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Perioperative pain management and chronic postsurgical pain after elective foot and ankle surgery: a scoping review

  • Cierra Stiegelmar
  • Yibo Li
  • Lauren A. BeaupreEmail author
  • M. Elizabeth Pedersen
  • Derek Dillane
  • Martha Funabashi
Review Article/Brief Review
  • 172 Downloads

Abstract

Purpose

Chronic postsurgical pain (CPSP) can occur after elective mid/hindfoot and ankle surgery. Effective treatment approaches to prevent the development of CPSP in this population have not been extensively investigated. The impact of multimodal strategies to prevent CPSP following elective mid/hindfoot surgery is unknown because of both the heterogeneity of acute pain management and the lack of a recognized definition particular to this surgery. This review aimed to identify and evaluate current pain management strategies after elective mid/hindfoot and ankle surgery.

Sources

Manual and electronic searches (MEDLINE, Embase, and Cochrane Library) were conducted of literature published between 1990 and July 2017. Comparative studies of adults undergoing elective mid/hindfoot and ankle surgery were included. Two reviewers independently reviewed studies and assessed their methodological quality.

Principal findings

We found seven randomized-controlled trials meeting our inclusion criteria. Interventions focused on regional anesthesia techniques such as continuous popliteal sciatic and femoral nerve blockade. Participants were typically followed up to 48 hr postoperatively. Only one study assessed pain six months following elective mid/hindfoot and ankle surgery.

Conclusion

There is an overwhelming lack of evidence regarding CPSP and its management for patients undergoing elective mid/hindfoot and ankle surgery. The lack of a recognized and standard definition of CPSP after this group of surgeries precludes accurate and consistent evaluation.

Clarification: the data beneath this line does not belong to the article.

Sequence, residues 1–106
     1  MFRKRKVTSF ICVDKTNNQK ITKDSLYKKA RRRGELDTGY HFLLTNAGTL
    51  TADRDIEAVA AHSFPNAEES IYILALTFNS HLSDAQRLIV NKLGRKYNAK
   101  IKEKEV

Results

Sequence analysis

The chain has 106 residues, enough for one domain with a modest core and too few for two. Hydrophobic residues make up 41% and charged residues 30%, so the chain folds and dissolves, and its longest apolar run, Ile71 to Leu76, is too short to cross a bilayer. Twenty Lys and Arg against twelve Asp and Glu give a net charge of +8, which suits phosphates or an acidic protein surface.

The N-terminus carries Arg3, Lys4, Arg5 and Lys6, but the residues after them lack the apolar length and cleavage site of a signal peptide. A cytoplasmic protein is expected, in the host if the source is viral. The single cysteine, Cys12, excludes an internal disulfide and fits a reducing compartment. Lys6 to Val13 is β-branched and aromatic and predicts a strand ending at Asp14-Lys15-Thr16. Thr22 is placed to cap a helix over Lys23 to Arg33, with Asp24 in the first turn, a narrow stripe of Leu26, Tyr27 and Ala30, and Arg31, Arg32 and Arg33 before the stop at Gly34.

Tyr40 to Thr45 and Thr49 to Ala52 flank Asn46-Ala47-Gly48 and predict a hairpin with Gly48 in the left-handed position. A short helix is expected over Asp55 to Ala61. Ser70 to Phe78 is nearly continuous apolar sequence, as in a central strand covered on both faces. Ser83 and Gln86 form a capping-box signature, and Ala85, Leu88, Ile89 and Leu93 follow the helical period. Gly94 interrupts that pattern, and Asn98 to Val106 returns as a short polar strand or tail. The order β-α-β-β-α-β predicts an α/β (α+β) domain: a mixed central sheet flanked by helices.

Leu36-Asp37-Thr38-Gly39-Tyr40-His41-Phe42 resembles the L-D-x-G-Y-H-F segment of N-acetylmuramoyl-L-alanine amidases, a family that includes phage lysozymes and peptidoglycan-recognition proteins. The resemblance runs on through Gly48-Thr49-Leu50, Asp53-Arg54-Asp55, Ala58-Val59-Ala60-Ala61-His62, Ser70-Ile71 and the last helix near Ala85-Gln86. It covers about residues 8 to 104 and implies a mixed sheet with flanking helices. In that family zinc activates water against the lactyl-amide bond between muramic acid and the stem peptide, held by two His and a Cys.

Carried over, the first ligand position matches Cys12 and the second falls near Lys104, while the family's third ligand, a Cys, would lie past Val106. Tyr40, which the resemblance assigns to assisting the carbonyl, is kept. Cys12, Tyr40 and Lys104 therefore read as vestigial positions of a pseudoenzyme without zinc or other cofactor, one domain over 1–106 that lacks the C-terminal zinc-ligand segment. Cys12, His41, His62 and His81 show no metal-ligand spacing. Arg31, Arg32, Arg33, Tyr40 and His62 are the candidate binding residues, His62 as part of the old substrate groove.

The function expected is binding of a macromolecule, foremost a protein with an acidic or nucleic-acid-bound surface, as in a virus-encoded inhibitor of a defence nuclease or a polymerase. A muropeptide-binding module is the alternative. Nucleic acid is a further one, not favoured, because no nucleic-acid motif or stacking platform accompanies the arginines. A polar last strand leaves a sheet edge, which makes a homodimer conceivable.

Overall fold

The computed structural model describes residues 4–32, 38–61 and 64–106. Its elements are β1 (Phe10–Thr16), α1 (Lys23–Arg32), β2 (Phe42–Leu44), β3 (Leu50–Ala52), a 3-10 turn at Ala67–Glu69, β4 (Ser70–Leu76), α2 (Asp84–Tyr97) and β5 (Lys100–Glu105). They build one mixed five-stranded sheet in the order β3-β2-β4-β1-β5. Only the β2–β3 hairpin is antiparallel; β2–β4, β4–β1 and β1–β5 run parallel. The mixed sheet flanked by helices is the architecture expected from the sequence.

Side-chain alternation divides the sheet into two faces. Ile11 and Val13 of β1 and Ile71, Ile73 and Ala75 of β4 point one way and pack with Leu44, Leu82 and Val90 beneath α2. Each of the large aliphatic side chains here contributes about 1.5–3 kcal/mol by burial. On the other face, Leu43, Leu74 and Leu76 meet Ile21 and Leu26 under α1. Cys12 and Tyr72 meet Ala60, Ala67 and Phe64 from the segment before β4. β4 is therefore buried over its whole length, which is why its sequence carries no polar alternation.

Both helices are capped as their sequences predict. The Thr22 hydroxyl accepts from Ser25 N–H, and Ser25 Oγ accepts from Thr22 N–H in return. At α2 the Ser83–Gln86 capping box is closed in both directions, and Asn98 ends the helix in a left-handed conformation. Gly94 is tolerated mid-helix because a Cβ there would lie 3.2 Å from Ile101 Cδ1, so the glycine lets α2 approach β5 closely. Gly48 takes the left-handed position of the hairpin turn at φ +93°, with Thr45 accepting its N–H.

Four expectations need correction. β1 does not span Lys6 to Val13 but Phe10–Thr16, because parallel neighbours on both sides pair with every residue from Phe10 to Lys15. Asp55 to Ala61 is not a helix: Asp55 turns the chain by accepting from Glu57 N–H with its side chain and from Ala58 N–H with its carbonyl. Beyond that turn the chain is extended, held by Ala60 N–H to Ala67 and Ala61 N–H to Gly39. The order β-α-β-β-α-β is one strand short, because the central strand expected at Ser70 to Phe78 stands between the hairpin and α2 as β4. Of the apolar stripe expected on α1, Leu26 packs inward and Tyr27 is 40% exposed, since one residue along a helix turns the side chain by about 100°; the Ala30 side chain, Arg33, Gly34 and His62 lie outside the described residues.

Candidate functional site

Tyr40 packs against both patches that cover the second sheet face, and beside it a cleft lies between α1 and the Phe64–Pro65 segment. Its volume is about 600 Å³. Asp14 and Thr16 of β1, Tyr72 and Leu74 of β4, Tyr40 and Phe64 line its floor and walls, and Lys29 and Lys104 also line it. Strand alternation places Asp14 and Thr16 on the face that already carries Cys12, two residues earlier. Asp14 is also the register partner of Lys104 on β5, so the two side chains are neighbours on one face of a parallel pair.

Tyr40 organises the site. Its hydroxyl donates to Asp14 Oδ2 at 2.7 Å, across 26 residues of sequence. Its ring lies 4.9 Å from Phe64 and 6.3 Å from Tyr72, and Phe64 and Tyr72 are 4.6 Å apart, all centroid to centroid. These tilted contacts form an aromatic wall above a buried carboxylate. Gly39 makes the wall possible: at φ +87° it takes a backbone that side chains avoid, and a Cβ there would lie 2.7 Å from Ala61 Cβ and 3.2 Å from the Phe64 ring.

Prise en charge de la douleur périopératoire et douleur chronique post-chirurgicale après une chirurgie non urgente du pied et de la cheville : une revue exploratoire

Résumé

Objectif

La douleur chronique post-chirurgicale (DCPC) peut survenir après une chirurgie non urgente de la section moyenne ou postérieure du pied, ou de la cheville. Les approches thérapeutiques efficaces pour prévenir l’apparition de DCPC dans cette population n’ont pas été examinées en profondeur. L’impact des stratégies multimodales pour prévenir la DCPC après une chirurgie non urgente de la section moyenne ou postérieure du pied est inconnu, tant en raison de l’hétérogénéité de la prise en charge de la douleur aiguë que du manque de définition reconnue spécifique à ce type de chirurgie. Ce compte-rendu a pour objectif d’identifier et d’évaluer les stratégies de prise en charge de la douleur actuellement utilisées après une chirurgie de la section moyenne ou postérieure du pied, ou de la cheville.

Sources